Saving Detroit: Globalization, the Destruction of Cities and the Rights of African Americans
Challenges for the Emerging Black Studies Scholars Today
The following lecture was delivered at the Michigan State University (MSU) Detroit Center on April 19, 2013. This event was sponsored by the African American and African Studies Program’s Emerging Black Studies Scholars project. The audience was composed of MSU graduate students as well as their counterparts from Wayne State University, professors and community leaders. Earlier in the day Azikiwe had taken the students on a “corporate devastation tour” of sections of Detroit. Students were later debriefed on the tour during dinner prior to the lecture.
Detroit is a city that has been in the national and world news once again. Since March, when Gov. Rick Snyder declared a so-called “financial emergency” in Detroit, therefore setting the stage for the appointment of an “Emergency Manager”, many press reports drew a direct connection between the recent corruption trial of former Mayor Kwame Kilpatrick and businessman Bobby Ferguson. In fact just prior to Snyder’s declaration, Kilpatrick and Ferguson were found guilty of numerous corruption charges in the months-long federal trial.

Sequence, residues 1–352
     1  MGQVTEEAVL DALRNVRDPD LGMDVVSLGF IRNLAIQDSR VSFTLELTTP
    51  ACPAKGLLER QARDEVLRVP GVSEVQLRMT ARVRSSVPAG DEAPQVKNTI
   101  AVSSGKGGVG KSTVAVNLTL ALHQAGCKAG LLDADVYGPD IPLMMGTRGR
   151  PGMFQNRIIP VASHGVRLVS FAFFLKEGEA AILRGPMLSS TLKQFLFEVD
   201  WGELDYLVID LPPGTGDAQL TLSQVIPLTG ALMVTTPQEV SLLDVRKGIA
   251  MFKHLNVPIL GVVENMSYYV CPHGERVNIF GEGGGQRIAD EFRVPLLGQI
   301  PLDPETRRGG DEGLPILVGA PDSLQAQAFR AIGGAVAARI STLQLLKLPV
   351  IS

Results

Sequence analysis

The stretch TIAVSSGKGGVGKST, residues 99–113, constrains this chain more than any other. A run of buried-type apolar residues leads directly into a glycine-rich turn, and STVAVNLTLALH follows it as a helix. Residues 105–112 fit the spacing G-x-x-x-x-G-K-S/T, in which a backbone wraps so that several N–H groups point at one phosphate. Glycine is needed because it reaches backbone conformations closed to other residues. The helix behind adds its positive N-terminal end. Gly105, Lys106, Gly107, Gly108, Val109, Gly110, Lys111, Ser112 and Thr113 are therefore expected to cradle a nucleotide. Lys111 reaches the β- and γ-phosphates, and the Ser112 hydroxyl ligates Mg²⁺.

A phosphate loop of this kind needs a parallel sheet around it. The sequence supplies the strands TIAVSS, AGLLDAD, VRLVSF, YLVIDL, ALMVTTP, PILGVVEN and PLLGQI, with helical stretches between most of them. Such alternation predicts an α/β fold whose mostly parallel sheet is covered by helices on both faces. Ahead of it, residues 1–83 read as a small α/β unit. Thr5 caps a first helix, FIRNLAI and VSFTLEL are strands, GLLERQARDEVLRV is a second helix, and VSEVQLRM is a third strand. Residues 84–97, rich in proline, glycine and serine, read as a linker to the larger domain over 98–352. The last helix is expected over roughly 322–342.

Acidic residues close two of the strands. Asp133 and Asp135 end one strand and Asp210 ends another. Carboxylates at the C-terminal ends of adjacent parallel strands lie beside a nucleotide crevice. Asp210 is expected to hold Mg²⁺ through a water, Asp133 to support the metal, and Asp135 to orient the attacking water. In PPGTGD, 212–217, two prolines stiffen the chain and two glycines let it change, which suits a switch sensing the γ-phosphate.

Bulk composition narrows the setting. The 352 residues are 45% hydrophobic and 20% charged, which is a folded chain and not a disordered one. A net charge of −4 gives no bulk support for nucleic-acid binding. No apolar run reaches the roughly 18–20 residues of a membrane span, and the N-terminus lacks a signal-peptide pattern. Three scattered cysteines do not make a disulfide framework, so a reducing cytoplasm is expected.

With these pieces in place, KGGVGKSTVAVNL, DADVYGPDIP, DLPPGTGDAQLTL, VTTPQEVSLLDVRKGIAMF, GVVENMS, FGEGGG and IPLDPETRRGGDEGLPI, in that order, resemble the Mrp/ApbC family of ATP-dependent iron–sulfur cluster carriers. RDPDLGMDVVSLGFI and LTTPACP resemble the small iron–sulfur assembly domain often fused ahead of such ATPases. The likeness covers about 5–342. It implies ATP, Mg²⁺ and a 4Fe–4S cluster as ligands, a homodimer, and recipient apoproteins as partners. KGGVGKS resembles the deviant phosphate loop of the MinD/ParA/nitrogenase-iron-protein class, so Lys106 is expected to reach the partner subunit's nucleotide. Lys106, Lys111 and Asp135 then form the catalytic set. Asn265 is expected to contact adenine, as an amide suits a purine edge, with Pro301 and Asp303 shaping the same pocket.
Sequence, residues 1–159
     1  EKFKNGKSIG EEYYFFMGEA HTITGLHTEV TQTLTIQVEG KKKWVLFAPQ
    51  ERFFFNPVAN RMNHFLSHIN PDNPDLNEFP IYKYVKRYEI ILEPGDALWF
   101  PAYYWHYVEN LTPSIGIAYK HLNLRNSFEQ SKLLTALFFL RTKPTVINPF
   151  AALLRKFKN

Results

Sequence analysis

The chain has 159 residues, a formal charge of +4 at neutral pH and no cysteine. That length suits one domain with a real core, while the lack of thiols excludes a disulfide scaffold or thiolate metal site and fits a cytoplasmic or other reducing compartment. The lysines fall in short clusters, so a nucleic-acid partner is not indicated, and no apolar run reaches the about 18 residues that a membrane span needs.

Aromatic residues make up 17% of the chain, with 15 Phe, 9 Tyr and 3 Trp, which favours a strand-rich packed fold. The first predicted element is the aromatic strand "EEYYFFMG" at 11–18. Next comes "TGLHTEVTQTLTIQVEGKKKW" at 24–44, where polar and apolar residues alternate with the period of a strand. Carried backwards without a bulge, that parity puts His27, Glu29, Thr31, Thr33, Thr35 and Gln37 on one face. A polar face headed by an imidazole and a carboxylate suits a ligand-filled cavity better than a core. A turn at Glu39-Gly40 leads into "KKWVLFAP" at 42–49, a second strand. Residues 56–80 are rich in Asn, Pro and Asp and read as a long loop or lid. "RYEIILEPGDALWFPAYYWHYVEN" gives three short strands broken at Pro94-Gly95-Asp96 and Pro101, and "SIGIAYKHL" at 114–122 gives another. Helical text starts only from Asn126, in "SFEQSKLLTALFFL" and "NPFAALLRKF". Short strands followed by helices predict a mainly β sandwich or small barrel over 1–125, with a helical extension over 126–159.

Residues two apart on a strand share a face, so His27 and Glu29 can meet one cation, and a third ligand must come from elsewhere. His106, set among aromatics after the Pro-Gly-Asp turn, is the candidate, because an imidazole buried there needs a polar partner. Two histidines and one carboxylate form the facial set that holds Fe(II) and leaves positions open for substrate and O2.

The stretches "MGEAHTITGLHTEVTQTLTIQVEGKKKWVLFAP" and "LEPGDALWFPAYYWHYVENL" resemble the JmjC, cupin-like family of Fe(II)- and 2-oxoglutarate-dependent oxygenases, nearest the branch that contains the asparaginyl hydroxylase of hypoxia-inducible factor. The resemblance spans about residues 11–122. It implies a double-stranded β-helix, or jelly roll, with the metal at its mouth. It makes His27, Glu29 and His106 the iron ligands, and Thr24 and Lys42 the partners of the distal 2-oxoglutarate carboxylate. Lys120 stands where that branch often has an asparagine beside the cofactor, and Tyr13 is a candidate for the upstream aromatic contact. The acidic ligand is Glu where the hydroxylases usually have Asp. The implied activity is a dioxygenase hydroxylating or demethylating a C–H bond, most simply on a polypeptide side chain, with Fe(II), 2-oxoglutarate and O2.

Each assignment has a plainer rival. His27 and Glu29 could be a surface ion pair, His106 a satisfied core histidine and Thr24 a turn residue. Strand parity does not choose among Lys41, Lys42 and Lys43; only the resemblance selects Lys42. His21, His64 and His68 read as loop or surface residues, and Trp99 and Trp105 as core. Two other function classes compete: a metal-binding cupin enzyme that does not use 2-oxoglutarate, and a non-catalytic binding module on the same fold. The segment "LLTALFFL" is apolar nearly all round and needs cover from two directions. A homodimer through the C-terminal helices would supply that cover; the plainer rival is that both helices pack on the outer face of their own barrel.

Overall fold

Of course the corporate and government-controlled media has never focused on who are the real culprits in the underdevelopment and consequent destruction of Detroit and other majority African American municipalities in Michigan. These media entities fall back on the same notions that have prevailed inside the United States since the period of Reconstruction, i.e. that African American political leadership is inherently corrupt and inefficient rendering them incapable of managing the affairs of governments locally, statewide and nationally.